At the arraignment and after pleading “not guilty” for you, your attorney will set a pre-trial hearing.  This is a hearing where the defense attorney that you have hired and the prosecuting attorney (D.A.) Talk about the case and discuss possible resolution.  There are only three possible outcomes: the case resolves with a “plea bargain”, the case is dismissed, or the case proceeds to trial.  The majority of misdemeanor cases resolve through a plea bargain.  To resolve the case in the most favorable way, a good attorney will accentuate the possible weaknesses in the prosecutors case.  There may be some proof problems with the case.  Also, the defense will inform the district attorney of mitigating factors that help explain why the case should be treated in a more favorable way with a lighter sentence based on the defendant’s prior accomplishments, efforts to rehabilitate, or compensation made to the alleged victim.  There are myriad ways in which an attorney can assist in the favorable resolution of the case, both in getting the charges dismissed or reduced and/or helping the defendant avoid jail.  Ultimately, the decision to take a plea bargain rests with the defendant.  In consultation with the attorney, the defendant can make an informed decision as to how to proceed and will be advised of the strengths and weaknesses of the case.  This process of deciding may take some time and it is not uncommon for attorneys to make numerous appearances at many pretrials, negotiating with several different D.A.s and conducting a thorough investigation before getting to a resolution that satisfies the defendant.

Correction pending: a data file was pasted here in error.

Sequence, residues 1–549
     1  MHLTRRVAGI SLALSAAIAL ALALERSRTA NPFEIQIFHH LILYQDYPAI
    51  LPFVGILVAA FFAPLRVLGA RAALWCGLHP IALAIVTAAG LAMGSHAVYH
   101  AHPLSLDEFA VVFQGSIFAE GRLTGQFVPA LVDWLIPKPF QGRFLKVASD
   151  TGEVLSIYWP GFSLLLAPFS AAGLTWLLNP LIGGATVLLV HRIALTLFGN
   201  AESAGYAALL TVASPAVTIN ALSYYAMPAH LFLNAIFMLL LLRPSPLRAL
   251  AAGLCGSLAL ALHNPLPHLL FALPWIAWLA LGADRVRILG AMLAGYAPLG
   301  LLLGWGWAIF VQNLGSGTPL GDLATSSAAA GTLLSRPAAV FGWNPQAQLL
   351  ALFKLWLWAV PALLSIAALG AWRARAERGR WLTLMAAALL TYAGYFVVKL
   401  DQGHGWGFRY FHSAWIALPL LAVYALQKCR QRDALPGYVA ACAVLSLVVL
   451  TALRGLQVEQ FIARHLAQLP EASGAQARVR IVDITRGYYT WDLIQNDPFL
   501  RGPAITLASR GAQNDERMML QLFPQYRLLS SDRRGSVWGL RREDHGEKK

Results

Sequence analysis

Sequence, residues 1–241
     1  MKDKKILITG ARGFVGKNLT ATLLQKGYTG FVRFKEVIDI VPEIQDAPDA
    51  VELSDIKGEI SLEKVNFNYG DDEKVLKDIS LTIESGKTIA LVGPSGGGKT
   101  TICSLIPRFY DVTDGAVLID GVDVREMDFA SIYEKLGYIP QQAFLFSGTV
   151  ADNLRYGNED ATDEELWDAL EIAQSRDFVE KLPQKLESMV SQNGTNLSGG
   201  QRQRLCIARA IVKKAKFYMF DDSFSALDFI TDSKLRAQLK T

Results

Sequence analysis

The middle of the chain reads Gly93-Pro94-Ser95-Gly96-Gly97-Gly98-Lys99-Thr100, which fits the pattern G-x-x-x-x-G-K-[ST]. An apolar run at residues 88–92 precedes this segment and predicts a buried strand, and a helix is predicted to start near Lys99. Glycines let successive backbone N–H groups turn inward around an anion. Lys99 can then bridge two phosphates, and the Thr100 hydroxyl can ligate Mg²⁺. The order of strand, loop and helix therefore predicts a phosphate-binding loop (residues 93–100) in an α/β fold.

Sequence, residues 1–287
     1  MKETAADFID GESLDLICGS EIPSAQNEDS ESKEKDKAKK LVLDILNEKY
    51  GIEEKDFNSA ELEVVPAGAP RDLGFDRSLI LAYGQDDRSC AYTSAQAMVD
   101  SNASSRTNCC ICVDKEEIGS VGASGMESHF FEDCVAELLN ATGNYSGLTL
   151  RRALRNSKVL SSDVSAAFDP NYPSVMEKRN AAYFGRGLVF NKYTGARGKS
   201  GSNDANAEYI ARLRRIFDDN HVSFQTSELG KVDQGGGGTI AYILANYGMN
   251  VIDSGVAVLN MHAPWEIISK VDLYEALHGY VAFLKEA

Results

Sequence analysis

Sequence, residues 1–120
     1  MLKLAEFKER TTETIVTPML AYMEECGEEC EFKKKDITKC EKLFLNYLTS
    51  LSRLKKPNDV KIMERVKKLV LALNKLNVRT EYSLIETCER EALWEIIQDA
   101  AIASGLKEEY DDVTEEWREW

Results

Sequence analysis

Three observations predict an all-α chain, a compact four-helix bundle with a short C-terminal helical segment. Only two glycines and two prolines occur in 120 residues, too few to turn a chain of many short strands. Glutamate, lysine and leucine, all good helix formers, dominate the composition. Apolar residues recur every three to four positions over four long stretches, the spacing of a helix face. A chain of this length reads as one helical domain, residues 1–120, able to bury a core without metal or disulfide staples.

If no resolution can be reached and both sides are at an impasse, then a jury trial date will be set by the judge and witnesses will be subpoenaed and the trial will commence.  Most misdemeanor cases take no more than a week to finish including picking a jury and closing arguments.  Jury deliberation on a misdemeanor rarely goes beyond one or two days.  If a verdict of “not guilty” is rendered, the defendant is exonerated of the charges and leaves the courtroom and its all over.  If a “guilty” verdict is rendered, then either sentencing can take place immediately or at a later date by stipulation of all parties involved including the judge.  A defendant always has a right not to be sentenced within six hours of the rendering of the jury verdict.  If the sentencing is postponed, the judge can order certain conditions on the defendant as a condition of remaining out of custody pending sentencing or can remand the defendant into custody.

For more info, please contact a professional criminal lawyer.

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Richard McGuire